Today would have been Matthew Africa’s 45th Birthday. Every year around this time we pay tribute to Matthew here on Melting Pot. I met Matthew as a DJ at KALX, but his influence stretched back much earlier, through his work in the early 1990s with Luv’n’Haight while working at Groove Merchant. though Matthew’s now been gone for 4 years, it’s nice to hear this music and remember my friend. As this would have been his 45th birthday, I decided to highlight a few 45s, several of which were from Matthew’s own collection.
Matthew was becoming especially adept at creating edits when he was so suddenly taken away from us. This is my favorite, so much so I had a dub plate pressed with it, so that I could play it out at all-vinyl soul/funk nights, such as Funky Sole here in LA. The flipside is “Quit Jivin’,” which is probably THE song that I saw Matthew freak out the most to on the dancefloor. I’ve been able to play this song three or four times, and every time someone comes up to thank me for playing it. Matthew took a song that always felt too short and extended it in all the right places. The “loving you is ecstasy and I’ll never let you go…couldn’t never do without you,” lines are something that several of his friends felt about Matthew after his passing, and four years later, it still seems apt.
One of my favorite memories of Matthew is related to this record. When DJ Shadow and Cut Chemist debuted their Brain Freeze sequel, Product Placement, they asked a few local DJs to share the stage with them, for opening sets. Matthew’s was early in the night, but it was stellar as usual (Cool Chris of Groove Merchant also did a set). At the end of the night, all of the DJs came back to the stage to play one track. This was Matthew’s choice, and while all the other DJs were playing it cool, when Matthew got to play this, he did his “strut” while holding on to other 45s. It’s one of my favorite songs to dance to as well, and while I have my moves to it, sometimes I can’t but help to do “The Matthew Africa,” when on the dancefloor.
I first heard this track on a Luv’n’Haight collection, and it’s a classic bit of rare wax from Oakland. This copy comes from Matthew’s collection, and it was the first time I’d actually gotten a chance to hear Part 2, which I enjoy more than the flipside, mainly because of that insane two-note guitar solo near the beginning. One of many records that have that “Matthew Africa sound,” which is hard to describe, but you just know it when you hear it.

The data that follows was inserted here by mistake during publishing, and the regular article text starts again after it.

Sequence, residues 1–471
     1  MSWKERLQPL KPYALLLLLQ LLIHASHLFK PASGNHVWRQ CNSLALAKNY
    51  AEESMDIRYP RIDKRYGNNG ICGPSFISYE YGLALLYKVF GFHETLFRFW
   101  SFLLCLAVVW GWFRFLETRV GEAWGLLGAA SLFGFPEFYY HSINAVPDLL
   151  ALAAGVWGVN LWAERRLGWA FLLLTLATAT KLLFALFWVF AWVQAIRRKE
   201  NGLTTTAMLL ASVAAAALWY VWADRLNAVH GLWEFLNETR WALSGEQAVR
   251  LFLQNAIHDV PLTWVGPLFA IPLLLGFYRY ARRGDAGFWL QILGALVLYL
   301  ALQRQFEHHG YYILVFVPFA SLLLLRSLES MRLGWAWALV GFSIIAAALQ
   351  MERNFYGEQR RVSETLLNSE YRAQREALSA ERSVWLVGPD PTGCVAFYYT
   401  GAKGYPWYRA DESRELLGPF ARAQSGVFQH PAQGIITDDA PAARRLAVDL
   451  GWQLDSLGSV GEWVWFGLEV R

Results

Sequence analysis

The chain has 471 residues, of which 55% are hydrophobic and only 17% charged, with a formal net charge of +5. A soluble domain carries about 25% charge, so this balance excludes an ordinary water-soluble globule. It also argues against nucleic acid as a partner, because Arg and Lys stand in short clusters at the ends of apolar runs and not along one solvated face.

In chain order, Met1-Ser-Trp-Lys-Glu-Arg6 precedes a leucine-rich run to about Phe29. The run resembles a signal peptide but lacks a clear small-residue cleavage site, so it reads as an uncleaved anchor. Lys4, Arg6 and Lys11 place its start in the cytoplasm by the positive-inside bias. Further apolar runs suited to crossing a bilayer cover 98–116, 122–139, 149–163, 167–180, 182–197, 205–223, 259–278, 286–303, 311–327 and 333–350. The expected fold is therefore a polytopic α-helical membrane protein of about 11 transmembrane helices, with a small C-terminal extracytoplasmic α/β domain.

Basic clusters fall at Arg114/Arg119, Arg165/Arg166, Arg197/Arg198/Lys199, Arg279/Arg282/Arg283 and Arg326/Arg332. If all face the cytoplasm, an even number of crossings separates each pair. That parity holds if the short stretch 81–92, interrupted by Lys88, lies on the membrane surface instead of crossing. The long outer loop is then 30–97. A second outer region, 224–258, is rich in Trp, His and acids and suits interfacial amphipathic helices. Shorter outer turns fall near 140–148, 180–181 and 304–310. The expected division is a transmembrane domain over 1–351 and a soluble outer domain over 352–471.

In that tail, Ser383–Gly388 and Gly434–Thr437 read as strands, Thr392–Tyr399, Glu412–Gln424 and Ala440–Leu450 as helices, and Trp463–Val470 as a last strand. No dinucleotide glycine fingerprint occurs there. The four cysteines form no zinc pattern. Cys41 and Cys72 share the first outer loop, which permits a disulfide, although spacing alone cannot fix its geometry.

Another from Matthew’s collection. I’d never heard this one before Matthew’s records were auctioned off. Every single thing about this song is gorgeous. The vocals, the lyrics, the music…just perfect. It’s not quite a “soul boulder,” but it is one of the sweetest songs I’ve ever heard.
This song was the final song Matthew chose on his “Matthew Africa Plays 7’s” mix, that ultimately ended up being his last one. The mix was basically a run-through for an upcoming set he was going to do at 45 sessions (that session is online too, and it’s interesting hearing the two and noting the changes Matthew made). When he debuted it, I remarked how annoying it was because there were all of these songs that I didn’t know and I was going to be obsessing about it for years. Matthew saw the humor in it, and I remember him mentioning that part of that set was inspired by the nights we had at Kitty English’s Soulvation night at the Ruby Room in Oakland. In particular, Matthew remembered how often several of us would dance while we were playing records, a feat that was easy enough given how small the space was and how close the dance floor was to the turntables. It was a rare joy spinning there with Matthew, Kitty, Sean Sullivan and (at Matthew’s 30th Birthday party) the legendary Joe Quixx. So much of those good feelings came through in Matthew’s mix. This song closed it out, and it’s a somewhat atypical “closing time” song, atypical solely because it’s not quite upbeat, not quite downbeat. But it’s the sentiment that’s perfect for that time of the night after last call. I wish we could have had it be a tradition, like playing “Foxy Girls In Oakland,” so that I could have memories of singing this at closing time with Matthew and Kitty, though…I am very thankful for the memories I do have, and especially thankful for Matthew’s friendship and all the music he shared…RIP